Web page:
BERLIN, Vt. (WCAX) It's immediate help for people addicted to opioids who want to get clean. It's called RAM-- Rapid Access to MAT or medication-assisted treatment.
Our Dom Amato spoke with the Central Vermont Medical Center and a Washington County recovery center about the project and why collaboration is so important.
It's a first of its kind pilot project, federally funded and supported by the Vermont Health Department. Doctors and nurses can offer an opioid blocker to someone in crisis, possibly helping them overcome the effects of addiction and help ease their transition into treatment.
"It's probably the most effective treatment we have for opiate use disorders," said Dr. Javad Mashkuri of the Central Vermont Medical Center.
RAM is a pilot project that started at the Central Vermont Medical Center last July.
"Traditionally, we haven't treated people with substance use disorders as well as we should," Mashkuri said.
Mashkuri is the Emergency Department director at CVMC. Mashkuri realized hospitals needed to play a larger role in helping those get treatment.
"It's not just as easy as giving them a medication," he said. "There has to be some aftercare, there has to be some thoughtfulness about how you go about it."
He helped bring together area treatment facilities to work collaboratively and to get help to people struggling with substance abuse.
"It takes a really tight collaboration among providers to be able to get people where they need to get right away," said Bob Purvis of the Turning Point Center of Washington County.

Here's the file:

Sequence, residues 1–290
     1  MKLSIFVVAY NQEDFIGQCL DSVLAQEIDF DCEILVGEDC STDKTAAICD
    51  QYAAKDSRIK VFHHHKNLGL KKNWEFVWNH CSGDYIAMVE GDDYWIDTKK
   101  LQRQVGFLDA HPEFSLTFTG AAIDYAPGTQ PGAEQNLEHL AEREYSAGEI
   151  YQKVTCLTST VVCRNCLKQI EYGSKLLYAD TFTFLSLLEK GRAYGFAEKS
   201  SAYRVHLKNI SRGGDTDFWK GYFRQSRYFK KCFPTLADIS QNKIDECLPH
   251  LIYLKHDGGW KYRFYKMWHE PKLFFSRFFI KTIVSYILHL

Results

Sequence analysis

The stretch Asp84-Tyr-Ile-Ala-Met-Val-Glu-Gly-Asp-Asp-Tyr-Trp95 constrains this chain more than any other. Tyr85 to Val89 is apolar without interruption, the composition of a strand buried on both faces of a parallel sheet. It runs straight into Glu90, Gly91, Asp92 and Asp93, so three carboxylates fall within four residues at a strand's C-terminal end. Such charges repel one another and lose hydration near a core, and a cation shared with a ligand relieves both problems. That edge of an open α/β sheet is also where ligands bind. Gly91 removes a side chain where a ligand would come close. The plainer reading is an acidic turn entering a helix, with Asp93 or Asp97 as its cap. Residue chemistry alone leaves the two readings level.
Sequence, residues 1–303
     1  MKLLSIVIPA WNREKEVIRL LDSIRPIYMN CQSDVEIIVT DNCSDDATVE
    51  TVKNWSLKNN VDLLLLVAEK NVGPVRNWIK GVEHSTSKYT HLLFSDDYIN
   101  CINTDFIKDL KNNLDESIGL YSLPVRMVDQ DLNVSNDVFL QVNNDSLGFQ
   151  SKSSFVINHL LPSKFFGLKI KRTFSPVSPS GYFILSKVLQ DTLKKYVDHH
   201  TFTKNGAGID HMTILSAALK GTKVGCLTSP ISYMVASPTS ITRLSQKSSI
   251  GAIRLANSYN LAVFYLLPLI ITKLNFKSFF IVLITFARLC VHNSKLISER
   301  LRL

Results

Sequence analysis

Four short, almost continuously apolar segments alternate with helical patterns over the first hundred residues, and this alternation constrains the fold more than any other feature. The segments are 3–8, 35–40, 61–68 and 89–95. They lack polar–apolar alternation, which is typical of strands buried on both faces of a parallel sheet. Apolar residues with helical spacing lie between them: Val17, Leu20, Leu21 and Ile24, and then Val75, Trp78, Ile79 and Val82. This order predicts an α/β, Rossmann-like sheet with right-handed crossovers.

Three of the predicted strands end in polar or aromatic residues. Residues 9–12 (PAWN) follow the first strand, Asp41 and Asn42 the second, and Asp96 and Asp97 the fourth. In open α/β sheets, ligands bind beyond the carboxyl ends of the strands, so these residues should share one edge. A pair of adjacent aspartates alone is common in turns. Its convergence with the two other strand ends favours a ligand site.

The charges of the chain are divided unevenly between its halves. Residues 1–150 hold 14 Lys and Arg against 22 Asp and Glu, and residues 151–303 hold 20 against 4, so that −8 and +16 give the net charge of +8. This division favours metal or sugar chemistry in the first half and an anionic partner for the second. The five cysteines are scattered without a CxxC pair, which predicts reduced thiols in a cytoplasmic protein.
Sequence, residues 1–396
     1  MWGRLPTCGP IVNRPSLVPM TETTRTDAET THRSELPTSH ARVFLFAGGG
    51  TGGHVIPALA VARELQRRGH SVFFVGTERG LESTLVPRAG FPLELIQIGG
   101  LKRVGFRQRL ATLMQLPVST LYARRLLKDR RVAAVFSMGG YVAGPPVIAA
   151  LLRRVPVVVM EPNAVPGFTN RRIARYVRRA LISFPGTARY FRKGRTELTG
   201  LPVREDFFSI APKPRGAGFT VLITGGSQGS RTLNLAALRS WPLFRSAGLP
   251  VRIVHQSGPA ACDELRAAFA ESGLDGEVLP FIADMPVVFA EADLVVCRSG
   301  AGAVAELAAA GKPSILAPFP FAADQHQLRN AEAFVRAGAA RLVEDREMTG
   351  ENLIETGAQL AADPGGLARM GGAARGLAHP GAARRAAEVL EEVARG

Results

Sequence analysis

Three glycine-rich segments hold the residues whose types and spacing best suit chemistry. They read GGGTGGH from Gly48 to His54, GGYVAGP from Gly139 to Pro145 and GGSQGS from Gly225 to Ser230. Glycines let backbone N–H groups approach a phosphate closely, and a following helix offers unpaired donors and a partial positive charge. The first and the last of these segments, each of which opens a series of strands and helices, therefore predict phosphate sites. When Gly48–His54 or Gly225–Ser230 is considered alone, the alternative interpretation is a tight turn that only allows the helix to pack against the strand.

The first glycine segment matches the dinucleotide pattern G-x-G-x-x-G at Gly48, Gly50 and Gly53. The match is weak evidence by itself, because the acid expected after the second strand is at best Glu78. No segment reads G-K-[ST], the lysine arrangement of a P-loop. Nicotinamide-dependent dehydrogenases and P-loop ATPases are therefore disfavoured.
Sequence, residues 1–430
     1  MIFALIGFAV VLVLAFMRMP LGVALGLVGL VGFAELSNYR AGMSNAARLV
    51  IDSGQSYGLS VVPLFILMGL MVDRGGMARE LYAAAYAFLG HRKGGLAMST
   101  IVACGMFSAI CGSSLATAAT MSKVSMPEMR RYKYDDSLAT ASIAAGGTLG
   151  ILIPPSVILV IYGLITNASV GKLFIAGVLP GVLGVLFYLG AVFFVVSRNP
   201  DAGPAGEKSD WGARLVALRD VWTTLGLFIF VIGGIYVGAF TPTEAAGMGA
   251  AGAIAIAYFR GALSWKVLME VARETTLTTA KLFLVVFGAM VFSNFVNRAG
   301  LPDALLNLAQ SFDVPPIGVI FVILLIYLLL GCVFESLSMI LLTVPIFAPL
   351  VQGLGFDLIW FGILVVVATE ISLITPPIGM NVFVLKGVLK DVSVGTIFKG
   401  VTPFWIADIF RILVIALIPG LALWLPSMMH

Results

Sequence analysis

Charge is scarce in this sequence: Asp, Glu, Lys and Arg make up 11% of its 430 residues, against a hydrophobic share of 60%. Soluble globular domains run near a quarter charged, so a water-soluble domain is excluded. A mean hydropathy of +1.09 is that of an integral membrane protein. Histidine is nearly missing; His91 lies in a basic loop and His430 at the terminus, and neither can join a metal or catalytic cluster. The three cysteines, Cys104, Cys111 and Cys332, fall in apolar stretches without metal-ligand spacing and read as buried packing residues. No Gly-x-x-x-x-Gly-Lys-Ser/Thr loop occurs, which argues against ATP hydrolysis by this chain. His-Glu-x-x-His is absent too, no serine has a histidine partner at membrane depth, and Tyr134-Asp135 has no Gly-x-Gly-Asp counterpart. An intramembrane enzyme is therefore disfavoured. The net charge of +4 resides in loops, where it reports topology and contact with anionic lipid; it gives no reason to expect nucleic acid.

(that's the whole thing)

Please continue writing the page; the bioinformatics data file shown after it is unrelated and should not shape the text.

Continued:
Purvis says they have been providing peer recovery coaches in the Emergency Department at CVMC-- another pilot project that started last year in Washington, Chittenden and Bennington counties. Recovery coaches have been through treatment themselves and meet with a person in crisis in the ER after an overdose. Coaches help connect users to recovery centers.
"One of the barriers for many people has been that they've learned that if they go, if they're inducted into the program, they'll have to go into withdrawal for some period of time," Purvis said.
But now with the RAM project, Buprenorphine, also known as Suboxone, can be prescribed on demand at the Emergency Department. And it's not just for someone who has overdosed. Anyone struggling with opiate addiction can participate in the program, whether they're in withdrawal or not. They receive a three-day supply-- just long enough to get them into treatment. So far, about 40 have taken advantage of the program and about 85 percent have followed up with some sort of treatment.
"We still have all of these patients now that have experienced medication-assisted treatment and have started the path to recovery which I think is a really good idea, I think it's the right thing to do, I think it shows that we're actually trying to help them at a time in need and it just sets the relationship for better therapy by being able to do that," Mashkuri said.
The UVM Medical Center in Burlington is also part of the RAM pilot project. The Vermont Health Department says they plan to expand it to two more communities this year.